RAIFs have considerable flexibility on the way they are structured. For example, the rules governing the issue and redemption of shares can be tailored separately for each sub-fund of a RAIF and there is a segregation of assets and liabilities between the sub-funds.
Investment in RAIFs is limited to ‘well-informed’ investors, which fall into three categories – institutional investors, professional investors, and any other investor that confirms in writing that they are well informed and either (i) invest a minimum of €125,000 or (ii) demonstrate their experience with a certificate from a bank, an investment firm covered by the EU’s MiFID legislation, a UCITS management company or an alternative investment fund manager.
RAIFs are subject to lighter diversification requirements than those applicable to UCITS funds. They may not invest more than 30% of their gross assets in any single asset, compared with as little at 10% for other types of fund, giving investment managers a broader range of options for the way they manage and structure the fund’s underlying assets.
The payment of dividends is not subject to any legal restrictions, and there is no requirement to create a statutory reserve in funds having the form of a SICAV.
In addition, the 30% rule does not apply to funds investing in securities issued or guaranteed by an OECD member state or local authorities within an OECD country, or by public international bodies with an EU, regional or worldwide scope; or to investment in funds subject to equivalent diversification requirements.
The payment of dividends is not subject to any legal restrictions, and there is no requirement to create a statutory reserve in funds having the form of a SICAV. This gives the investment manager flexibility on the way income is paid out of the fund, and means that it can be tailored to the nature of the underlying assets.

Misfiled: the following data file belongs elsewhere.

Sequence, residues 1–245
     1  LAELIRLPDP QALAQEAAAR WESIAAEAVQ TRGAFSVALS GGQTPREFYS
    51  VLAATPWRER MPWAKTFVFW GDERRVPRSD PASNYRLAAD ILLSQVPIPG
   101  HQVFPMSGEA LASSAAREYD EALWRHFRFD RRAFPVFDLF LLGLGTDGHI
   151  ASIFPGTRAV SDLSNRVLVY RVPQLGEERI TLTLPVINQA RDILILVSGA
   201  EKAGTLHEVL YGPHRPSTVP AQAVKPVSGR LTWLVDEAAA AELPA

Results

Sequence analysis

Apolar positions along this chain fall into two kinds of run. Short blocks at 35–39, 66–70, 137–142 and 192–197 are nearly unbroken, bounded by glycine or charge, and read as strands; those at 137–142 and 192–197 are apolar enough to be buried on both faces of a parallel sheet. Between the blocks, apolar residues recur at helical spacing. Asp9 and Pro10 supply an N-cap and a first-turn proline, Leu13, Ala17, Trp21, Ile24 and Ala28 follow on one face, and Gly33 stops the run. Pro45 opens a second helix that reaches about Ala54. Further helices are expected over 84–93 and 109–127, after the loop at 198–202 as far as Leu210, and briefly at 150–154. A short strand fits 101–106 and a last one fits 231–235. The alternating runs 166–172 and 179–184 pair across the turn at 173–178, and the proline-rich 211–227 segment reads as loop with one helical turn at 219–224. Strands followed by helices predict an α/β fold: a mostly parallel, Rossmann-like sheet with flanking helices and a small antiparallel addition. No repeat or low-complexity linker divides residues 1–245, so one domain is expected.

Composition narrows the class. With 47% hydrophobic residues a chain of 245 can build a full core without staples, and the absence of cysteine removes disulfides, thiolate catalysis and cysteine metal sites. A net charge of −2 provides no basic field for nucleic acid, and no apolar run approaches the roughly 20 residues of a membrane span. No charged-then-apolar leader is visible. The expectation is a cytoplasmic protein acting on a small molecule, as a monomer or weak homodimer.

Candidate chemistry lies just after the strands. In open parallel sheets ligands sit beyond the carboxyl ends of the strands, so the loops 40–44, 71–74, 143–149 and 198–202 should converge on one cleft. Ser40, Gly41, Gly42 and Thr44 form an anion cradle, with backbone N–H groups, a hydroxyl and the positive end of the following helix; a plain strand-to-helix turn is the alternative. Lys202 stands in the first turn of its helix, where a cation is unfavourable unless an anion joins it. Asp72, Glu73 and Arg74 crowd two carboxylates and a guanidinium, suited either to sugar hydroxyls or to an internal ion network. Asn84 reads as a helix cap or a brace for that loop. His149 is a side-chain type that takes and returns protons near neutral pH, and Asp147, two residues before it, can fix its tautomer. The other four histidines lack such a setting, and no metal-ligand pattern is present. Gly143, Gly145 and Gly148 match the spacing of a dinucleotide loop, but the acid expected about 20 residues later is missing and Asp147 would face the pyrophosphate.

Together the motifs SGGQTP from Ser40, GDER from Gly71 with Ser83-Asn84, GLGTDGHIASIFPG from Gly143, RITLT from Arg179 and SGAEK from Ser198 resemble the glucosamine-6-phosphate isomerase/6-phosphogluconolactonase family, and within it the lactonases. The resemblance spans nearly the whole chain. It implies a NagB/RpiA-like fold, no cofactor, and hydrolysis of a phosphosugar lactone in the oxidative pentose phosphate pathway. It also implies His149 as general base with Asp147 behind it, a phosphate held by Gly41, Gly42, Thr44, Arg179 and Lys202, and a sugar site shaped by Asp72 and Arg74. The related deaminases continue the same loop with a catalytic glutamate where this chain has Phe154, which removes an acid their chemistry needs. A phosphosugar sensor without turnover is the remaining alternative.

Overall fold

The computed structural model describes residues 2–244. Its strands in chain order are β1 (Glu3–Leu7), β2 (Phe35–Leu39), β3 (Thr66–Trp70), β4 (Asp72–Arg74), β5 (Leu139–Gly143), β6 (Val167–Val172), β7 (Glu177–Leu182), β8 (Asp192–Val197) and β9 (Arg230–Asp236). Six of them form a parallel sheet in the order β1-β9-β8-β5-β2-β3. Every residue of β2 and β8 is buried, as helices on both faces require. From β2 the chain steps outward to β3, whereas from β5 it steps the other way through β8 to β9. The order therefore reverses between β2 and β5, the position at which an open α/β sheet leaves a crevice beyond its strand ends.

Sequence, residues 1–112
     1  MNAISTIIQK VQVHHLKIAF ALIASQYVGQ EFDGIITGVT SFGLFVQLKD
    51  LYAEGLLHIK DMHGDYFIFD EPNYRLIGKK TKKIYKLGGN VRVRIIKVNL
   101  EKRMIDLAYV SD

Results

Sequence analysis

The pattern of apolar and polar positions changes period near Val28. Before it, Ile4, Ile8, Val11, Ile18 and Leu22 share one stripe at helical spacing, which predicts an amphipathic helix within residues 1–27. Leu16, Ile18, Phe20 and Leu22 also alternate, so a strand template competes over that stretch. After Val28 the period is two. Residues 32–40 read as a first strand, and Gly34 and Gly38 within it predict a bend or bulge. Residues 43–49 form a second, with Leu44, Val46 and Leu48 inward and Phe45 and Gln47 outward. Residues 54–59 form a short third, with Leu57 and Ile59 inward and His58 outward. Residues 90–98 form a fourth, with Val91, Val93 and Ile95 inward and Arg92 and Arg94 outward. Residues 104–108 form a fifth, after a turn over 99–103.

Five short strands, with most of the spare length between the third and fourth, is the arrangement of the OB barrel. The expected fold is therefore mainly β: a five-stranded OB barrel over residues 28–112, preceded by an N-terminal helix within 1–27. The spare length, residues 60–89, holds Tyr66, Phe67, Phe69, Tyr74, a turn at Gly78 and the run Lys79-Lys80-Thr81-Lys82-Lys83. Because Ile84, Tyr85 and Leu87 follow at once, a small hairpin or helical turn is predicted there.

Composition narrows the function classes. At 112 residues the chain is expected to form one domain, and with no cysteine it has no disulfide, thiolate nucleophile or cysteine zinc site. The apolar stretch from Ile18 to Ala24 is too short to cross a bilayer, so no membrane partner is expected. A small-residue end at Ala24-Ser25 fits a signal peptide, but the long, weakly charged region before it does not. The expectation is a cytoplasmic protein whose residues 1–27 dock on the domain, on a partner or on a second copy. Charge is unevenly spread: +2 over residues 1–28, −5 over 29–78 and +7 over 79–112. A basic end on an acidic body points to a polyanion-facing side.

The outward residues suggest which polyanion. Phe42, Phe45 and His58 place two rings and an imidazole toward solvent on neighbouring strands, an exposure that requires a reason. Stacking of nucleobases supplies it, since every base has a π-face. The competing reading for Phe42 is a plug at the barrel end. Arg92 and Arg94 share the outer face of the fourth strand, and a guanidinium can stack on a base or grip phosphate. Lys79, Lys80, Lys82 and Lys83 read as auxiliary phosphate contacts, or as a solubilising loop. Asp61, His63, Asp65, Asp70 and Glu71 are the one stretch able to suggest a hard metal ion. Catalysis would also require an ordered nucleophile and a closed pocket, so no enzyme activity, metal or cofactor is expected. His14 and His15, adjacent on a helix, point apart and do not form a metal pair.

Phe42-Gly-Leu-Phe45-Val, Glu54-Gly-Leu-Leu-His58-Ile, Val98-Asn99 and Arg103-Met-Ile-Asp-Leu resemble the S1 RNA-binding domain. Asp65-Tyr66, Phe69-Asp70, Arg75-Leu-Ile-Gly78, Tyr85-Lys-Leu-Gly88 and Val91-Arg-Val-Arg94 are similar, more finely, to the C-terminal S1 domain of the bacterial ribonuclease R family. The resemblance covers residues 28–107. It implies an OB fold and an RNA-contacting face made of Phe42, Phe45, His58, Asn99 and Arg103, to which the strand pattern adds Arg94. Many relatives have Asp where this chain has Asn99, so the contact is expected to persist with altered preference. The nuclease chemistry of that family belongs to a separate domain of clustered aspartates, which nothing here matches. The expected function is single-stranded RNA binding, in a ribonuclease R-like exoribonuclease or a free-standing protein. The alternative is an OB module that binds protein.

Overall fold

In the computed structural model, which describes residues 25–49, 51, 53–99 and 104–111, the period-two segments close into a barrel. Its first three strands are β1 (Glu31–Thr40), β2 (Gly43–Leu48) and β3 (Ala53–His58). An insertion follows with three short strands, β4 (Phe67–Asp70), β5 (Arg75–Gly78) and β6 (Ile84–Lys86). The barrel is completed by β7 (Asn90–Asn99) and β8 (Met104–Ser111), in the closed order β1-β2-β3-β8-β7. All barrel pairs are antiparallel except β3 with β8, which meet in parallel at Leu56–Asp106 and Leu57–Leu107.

As they don’t require prior approval from the regulator, RAIFs can be set up quickly and easily, helping to reduce set-up and administration costs.
Time to market
As they don’t require prior approval from the regulator, RAIFs can be set up quickly and easily, helping to reduce set-up and administration costs, and thus benefiting investors.
RAIFs are fully compliant with the AIFMD, which gives managers an EU-wide distribution passport to professional investors, but also offers investors the assurance of the AIFMD’s investor protection safeguards, including the appointment of an independent depositary that is liable for loss of assets, a CSSF-approved third-party auditor, and the publication of audited annual reports.
The RAIF has proved a popular addition to Luxembourg’s existing range of alternative investment fund vehicles. Since its launch in 2016, around 470 funds have been launched by investment groups from around the world for a wide range of assets and strategies, including infrastructure, hedge fund strategies and private equity – their assets under management now total around €19bn.
With its flexible structure and the ease provided by the absence of direct regulatory supervision, the RAIF has helped to cement Luxembourg’s standing as a centre for alternative investment funds within the EU and make a range of investment strategies available to sophisticated individuals as well as institutional and professional investors.